Spore Dispersal

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Gravity and Air Currents

Most fungi rely on gravity to carry their spores down and into air currents which will then carry them away to other places. Gill fungi, boletes and polypores all have their spore producing surfaces on the undersurface of the fruiting bodies, so that the spores drop out into air currents below. Many of the fruiting bodies also have a stalk. This helps to raise the spore producing surface higher up and so increase the chances of the spores dispersing far and wide.


wpe2C.jpg (17574 bytes) The fact that spores fall out under gravity can be used to good effect to produce spore prints. This is done by collecting the fruiting bodies of fungi such as gill fungi, boletes or polypores and placing the cap or spore producing surface onto a piece of paper. White paper is usually best, although some fungi may have white spores, in which case, black paper will show them up.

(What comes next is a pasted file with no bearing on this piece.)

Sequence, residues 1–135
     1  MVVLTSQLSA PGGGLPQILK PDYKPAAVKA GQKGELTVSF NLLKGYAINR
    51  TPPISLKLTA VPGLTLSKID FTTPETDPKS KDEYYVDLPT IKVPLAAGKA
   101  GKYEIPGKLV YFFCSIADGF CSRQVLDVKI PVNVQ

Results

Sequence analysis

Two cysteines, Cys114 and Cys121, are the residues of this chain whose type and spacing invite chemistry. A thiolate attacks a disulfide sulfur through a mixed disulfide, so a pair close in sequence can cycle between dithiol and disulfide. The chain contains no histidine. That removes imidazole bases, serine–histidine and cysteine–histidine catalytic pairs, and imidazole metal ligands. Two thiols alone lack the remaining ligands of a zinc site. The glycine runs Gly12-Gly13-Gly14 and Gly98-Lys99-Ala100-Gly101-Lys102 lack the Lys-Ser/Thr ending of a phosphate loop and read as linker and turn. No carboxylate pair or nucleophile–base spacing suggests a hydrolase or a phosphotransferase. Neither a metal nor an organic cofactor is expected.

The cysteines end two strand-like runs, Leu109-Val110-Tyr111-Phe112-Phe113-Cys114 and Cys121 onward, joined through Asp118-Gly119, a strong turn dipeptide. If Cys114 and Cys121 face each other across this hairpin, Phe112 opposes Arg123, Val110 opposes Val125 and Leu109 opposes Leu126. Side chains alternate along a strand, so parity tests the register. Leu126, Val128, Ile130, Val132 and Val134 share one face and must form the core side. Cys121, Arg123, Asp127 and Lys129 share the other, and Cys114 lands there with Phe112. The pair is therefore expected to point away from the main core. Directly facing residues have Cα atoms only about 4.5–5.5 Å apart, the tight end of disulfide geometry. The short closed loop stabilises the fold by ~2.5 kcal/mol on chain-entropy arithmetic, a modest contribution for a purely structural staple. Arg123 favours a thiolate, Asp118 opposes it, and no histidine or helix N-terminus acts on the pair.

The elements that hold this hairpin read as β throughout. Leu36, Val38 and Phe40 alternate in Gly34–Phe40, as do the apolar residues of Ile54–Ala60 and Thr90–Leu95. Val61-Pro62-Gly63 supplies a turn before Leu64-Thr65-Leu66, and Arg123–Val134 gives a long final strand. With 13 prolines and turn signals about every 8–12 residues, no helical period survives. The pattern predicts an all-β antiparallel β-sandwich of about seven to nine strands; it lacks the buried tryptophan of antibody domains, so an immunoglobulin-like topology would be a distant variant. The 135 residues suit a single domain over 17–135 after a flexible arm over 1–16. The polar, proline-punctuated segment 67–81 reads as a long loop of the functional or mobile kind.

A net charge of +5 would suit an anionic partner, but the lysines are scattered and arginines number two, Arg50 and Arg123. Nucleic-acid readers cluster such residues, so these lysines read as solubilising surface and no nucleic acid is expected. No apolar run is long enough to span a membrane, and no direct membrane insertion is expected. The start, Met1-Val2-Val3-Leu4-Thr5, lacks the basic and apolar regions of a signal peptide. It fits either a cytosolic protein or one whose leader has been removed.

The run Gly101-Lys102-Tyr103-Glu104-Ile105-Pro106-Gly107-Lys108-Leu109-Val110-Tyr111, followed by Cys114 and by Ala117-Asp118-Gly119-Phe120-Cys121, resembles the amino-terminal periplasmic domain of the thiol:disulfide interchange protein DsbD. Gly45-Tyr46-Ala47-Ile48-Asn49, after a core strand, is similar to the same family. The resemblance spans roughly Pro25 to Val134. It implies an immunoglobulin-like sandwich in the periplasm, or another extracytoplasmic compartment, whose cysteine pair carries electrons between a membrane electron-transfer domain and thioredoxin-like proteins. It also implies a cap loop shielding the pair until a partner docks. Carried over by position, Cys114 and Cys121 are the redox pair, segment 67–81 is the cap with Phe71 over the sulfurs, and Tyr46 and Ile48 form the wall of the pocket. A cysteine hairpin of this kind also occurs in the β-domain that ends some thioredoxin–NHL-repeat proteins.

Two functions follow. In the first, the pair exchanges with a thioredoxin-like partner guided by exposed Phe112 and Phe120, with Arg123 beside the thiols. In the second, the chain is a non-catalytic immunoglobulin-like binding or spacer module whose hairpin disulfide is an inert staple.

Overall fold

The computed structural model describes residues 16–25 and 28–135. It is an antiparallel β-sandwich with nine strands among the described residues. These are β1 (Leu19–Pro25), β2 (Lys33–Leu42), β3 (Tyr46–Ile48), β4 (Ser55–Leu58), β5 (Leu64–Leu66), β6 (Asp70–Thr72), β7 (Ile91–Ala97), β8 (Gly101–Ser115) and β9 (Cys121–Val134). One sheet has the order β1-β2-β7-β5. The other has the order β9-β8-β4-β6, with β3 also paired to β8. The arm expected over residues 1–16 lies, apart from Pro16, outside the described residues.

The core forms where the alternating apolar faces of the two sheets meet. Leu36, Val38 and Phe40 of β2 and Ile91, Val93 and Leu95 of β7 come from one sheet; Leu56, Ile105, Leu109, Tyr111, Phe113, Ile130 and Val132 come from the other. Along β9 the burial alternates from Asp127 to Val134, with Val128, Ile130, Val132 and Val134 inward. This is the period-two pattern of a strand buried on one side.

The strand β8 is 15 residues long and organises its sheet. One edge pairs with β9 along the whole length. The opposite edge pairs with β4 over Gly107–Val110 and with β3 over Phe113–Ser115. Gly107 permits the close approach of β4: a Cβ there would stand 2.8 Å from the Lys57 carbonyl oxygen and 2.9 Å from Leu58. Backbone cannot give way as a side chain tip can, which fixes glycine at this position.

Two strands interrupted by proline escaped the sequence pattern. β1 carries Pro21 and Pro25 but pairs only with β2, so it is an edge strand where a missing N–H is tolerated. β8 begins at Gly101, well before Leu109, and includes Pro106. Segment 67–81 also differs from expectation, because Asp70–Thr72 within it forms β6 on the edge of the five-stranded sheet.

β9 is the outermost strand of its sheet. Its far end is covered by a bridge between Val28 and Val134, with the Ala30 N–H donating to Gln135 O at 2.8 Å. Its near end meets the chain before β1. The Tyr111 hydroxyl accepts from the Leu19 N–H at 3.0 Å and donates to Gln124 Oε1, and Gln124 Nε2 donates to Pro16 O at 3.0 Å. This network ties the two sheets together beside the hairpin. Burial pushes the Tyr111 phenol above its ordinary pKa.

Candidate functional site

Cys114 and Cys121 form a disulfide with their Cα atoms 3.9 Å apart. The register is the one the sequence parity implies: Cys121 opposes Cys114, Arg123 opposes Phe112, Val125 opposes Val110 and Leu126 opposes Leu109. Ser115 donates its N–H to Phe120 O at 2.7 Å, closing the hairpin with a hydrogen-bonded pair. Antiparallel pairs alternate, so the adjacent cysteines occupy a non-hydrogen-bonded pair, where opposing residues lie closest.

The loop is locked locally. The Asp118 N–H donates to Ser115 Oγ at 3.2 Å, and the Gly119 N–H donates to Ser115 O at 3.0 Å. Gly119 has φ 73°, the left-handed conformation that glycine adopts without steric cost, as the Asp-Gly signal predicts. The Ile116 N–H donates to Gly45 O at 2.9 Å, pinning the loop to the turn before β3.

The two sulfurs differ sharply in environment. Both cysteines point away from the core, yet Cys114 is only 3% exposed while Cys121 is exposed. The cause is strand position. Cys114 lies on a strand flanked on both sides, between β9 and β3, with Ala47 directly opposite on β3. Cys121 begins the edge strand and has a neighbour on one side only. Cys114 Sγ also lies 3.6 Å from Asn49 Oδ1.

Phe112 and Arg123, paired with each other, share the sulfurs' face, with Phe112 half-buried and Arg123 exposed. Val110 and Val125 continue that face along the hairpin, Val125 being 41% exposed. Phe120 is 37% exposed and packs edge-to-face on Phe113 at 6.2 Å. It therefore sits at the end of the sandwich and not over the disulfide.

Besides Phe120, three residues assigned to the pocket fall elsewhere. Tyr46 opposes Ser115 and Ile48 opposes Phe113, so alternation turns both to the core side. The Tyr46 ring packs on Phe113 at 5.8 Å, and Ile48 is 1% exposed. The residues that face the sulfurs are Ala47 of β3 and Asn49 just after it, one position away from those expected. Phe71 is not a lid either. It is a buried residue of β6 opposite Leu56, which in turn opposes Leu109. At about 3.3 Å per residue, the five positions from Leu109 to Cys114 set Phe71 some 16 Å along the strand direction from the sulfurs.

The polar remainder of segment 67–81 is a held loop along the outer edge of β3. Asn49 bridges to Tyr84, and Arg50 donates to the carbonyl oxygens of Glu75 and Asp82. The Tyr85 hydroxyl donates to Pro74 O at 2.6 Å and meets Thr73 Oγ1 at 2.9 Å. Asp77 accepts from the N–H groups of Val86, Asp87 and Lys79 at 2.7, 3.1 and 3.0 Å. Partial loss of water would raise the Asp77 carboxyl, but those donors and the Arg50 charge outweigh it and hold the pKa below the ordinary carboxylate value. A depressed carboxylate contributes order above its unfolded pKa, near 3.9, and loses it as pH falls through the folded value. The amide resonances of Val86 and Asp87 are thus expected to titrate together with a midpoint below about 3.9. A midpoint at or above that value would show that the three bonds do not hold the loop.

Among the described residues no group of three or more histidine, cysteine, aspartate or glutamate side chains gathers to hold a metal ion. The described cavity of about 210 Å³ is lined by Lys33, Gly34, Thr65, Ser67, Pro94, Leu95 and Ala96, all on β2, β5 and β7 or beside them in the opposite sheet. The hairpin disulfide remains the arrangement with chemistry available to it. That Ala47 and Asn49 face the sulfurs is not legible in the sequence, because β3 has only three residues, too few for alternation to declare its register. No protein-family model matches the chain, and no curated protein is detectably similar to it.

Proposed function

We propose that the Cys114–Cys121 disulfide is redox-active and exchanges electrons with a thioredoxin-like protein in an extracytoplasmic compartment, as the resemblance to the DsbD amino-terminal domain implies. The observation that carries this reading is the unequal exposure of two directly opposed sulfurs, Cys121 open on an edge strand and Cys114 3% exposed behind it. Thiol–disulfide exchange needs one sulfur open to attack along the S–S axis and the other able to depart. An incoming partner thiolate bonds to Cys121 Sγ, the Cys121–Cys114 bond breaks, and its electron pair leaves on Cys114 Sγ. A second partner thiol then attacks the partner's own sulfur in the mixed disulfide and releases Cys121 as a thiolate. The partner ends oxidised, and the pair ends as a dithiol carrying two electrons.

The print at left is from a gill fungus and clearly shows the arrangement of the gills which carried the spores. Boletes and polypores will show circular patterns which reflect the tubes which carry the spores in these fungi.